A Birmingham-based company has put forward outline plans to build a £-multi-million new harbour on the Orkney islands to land and de-commission scrapped oil and gas platforms from the North Sea.
There are hundreds of such platforms to be decommissioned over the next 30 years in a market worth up to £50 billion, according to the Oil and Gas Authority.
Now the DSM decommissioning group – which has carried out an initial assessment of the putative site at Lyness – has met local council officials and presented its outline plants to the local community council.
A DSM spokesman said: “Once a platform comes out of the North Sea in a clean condition, it is floated to Lyness, where we’d bring it onshore and reduce it to parts that can be recycled and go off to third world oilfields. Or it’s completely cut up as scrap to be recycled and used again.”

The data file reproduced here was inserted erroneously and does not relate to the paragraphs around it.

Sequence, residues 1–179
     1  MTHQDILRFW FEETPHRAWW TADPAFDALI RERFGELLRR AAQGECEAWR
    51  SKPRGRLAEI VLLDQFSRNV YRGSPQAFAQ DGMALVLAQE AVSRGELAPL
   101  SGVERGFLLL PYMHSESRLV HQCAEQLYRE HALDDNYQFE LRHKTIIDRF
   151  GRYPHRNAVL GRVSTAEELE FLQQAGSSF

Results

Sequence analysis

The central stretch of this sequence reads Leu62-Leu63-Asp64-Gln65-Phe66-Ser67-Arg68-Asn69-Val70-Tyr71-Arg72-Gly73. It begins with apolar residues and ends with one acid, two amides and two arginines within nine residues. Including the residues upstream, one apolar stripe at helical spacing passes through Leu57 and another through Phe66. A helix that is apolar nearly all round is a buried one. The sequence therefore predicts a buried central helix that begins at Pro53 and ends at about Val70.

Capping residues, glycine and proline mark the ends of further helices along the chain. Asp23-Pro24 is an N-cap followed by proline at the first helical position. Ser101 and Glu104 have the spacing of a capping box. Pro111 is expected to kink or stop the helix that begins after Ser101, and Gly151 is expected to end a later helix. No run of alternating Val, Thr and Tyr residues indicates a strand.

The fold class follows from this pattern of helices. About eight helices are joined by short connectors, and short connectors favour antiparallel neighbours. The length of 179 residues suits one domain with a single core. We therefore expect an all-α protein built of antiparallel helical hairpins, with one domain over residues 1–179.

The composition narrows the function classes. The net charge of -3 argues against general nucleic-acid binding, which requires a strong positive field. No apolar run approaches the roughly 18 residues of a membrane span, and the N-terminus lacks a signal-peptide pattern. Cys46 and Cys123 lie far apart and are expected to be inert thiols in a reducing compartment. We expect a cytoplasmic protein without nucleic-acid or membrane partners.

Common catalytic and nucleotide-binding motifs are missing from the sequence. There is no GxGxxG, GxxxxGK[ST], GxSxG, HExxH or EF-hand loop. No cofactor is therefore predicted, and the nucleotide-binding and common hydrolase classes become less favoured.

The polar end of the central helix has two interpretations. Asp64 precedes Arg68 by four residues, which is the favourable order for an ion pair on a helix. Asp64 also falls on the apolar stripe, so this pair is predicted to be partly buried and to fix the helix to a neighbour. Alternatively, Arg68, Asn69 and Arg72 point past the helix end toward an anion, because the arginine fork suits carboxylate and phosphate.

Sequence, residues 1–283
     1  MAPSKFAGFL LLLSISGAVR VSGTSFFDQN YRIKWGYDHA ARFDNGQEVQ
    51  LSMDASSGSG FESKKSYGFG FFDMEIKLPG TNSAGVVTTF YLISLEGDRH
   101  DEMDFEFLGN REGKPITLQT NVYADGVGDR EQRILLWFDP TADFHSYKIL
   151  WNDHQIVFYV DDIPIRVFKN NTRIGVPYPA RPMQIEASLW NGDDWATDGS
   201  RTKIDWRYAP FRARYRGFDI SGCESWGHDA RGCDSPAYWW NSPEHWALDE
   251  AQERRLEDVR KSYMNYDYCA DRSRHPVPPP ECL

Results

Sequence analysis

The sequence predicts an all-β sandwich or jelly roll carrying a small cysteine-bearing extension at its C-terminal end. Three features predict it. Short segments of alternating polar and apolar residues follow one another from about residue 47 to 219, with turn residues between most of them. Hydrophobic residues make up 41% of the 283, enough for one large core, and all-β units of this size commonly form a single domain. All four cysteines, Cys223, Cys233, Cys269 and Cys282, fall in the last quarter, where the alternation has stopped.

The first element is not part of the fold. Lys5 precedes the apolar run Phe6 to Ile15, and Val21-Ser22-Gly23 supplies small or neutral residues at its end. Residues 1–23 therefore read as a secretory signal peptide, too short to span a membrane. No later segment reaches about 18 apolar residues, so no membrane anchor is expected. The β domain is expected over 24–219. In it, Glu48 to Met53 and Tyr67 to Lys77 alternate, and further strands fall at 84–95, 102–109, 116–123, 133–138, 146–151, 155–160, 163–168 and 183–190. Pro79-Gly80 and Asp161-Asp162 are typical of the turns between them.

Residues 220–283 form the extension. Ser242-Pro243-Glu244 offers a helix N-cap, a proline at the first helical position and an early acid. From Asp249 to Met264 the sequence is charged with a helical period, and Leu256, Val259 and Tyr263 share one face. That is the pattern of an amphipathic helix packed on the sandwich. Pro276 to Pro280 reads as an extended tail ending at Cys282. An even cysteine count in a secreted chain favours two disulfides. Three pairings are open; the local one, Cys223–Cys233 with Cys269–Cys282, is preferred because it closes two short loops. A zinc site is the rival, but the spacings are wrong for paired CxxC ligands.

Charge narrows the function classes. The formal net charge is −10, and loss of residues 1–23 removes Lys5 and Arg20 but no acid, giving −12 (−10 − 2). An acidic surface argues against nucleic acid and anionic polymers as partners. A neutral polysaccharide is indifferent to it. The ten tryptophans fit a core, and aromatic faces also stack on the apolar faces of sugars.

Orkney Islands Council Convener Steven Heddle said: “This project has the potential to create significant employment, a range of business opportunities for local companies, and considerable economic benefits for Orkney as a whole,
“There will be a growing demand for oil and gas decommissioning facilities in the years ahead. Lyness and the natural deep-water harbour of Scapa Flow, with their location close to the North Sea, are ideally located to serve as a potential base for work of this kind,
“We now look forward to working with the company. Our priorities will be to ensure that Orkney benefits economically and that a development of this type is approached in an environmentally responsible manner, in order that we maintain our excellent track record for stewardship of our local environment and the seas around us.”